A new empirical analysis quantifies the (historic) link between public debt and economic growth. Critical thresholds depend on country features, such as access to financing. Average thresholds might be 60% and 80% of GDP for emerging and developed countries respectively. Importantly, debt dynamics matter more than levels. High debt is less of a drag when it is on a declining trajectory.

Chudik, Alexander, Kamiar Mohaddes, Hashem Pesaran, and Mehdi Raissi (2015), “Is There a Debt-threshold Effect on Output Growth?”, Federal Reserve Bank of Dallas, Globalization and Monetary Policy Institute, Working Paper No. 245, July 2015.
http://www.dallasfed.org/assets/documents/institute/wpapers/2015/0245.pdf

The below are excerpts from the paper. Headings, cursive text and references to other posts have been added.

Some background

The IMF estimates that the general government debt stock of the advanced economies will peak at above 105% of GDP in 2015, up from below 77% at the end of 2007 (view post here). Public debt levels are unlikely to recede much in coming years, implying the governments’ financial situation is critically exposed to increases in real interest rates or sovereign credit spreads. A particular concern is Japan, whose gross government debt ratio stands close to 250% .

Problematic debt thresholds

“We provide a formal statistical analysis of debt-threshold effects on output growth, using a relatively large panel of 40 countries over the period 19652010. We allow for country-specific heterogeneity in dynamics, error variances, and cross-country correlations, but assume homogeneous threshold parameters. To shed some light on possible heterogeneity of the threshold effects across countries, we also report separate results for the 19 advanced and 21 developing economies.”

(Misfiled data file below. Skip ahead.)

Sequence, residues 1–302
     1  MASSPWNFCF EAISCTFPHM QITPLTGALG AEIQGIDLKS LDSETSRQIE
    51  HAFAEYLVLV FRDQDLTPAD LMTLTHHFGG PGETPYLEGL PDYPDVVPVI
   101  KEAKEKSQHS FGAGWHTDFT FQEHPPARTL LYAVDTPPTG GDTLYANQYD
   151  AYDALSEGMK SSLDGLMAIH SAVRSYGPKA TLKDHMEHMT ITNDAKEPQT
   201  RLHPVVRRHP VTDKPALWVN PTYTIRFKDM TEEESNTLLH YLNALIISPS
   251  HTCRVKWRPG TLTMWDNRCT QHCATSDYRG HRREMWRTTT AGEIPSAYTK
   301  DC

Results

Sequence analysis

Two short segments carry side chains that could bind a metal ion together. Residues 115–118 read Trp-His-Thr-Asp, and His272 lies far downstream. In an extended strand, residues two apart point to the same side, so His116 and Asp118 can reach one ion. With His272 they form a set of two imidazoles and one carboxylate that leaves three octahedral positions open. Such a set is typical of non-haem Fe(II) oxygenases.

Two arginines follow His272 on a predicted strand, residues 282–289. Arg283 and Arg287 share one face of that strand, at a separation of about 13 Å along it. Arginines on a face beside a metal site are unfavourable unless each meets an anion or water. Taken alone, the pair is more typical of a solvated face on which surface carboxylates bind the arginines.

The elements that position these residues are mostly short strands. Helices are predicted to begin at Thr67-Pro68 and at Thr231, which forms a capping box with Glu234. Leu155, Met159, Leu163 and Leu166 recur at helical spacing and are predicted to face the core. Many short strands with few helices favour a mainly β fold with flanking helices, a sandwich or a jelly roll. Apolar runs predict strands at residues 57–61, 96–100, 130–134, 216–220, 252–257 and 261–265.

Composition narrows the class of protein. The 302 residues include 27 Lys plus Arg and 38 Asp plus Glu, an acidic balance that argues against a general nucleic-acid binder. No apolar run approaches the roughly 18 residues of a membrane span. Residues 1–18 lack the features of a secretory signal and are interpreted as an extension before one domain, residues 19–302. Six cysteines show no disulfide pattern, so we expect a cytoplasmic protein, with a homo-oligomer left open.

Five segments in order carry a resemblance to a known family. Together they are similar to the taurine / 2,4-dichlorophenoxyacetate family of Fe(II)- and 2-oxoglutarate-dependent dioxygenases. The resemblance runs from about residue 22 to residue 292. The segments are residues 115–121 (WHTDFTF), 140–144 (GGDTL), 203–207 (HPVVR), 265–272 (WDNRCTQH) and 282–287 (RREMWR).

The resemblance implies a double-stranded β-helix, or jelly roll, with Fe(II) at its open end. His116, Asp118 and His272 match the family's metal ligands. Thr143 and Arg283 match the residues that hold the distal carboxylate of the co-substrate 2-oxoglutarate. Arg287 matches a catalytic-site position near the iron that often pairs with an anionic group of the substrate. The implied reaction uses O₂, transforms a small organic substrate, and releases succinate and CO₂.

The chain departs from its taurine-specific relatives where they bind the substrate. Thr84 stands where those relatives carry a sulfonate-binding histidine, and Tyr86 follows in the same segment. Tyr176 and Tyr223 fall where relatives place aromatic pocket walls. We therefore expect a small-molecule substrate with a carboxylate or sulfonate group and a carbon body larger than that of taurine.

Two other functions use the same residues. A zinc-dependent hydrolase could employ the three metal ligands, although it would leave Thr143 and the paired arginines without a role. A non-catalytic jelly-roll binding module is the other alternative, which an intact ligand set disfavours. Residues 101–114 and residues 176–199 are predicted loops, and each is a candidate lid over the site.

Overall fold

“Overall, there appears to be some support for debt-threshold effects…with the estimates of the thresholds being 6080 percent for the full sample, 80 percent for the advanced economies, and between 30-60 percent for the developing countries…Interestingly, the threshold effects for advanced economies at 90 percent and for developing countries at 60 percent calculated in Reinhart and Rogoff (2010) and elsewhere in the literature are close.”

“However…once we account for the impact of global factors and their spillover effects, there is only a weak evidence for a universally applicable threshold effect in the relationship between public debt and economic growth, with the threshold variable being statistically significant only when it is interacted with a positive change in debt-to- GDP.”

“The effect of public debt on growth varies across countries, depending on country-specific factors and institutions such as the degree of their financial deepening, their track records in meeting past debt obligations, and the nature of their political system.”

Mind the debt dynamics

“Debt trajectory is probably more important for growth than the level of debt itself…We find significant negative long-run effects of public debt build-up on output growth…We find a statistically significant threshold effect in the case of countries with rising debt-to-GDP ratios beyond 50-60 percent, stressing the importance of debt trajectory.”

“Regardless of debt thresholds, there is a significant negative long-run relationship between rising debt-to-GDP and economic growth. Our results imply that the Keynesian fiscal deficit spending to spur growth does not necessarily have negative long-run consequences for output growth, so long as it is coupled with credible fiscal policy plan backed by action that will reduce the debt burden back to sustainable levels.”

“Provided that public debt is on a downward trajectory, a country with a high level of debt can grow just as fast as its peers.”

A previous IMF paper based on a broad panel of countries going back to 1875 supports these findings (view post here). It suggests that high debt does not per se reduce growth. Only if debt levels are both elevated and rising, growth tends to suffer. Also on its own high debt does often entail greater output volatility.

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Ralph Sueppel is founder and director of SRSV, a project dedicated to socially responsible macro trading strategies. He has worked in economics and finance for over 25 years for investment banks, the European Central Bank and leading hedge funds. At present, he is head of research and quantitative strategies at Macrosynergy Partners.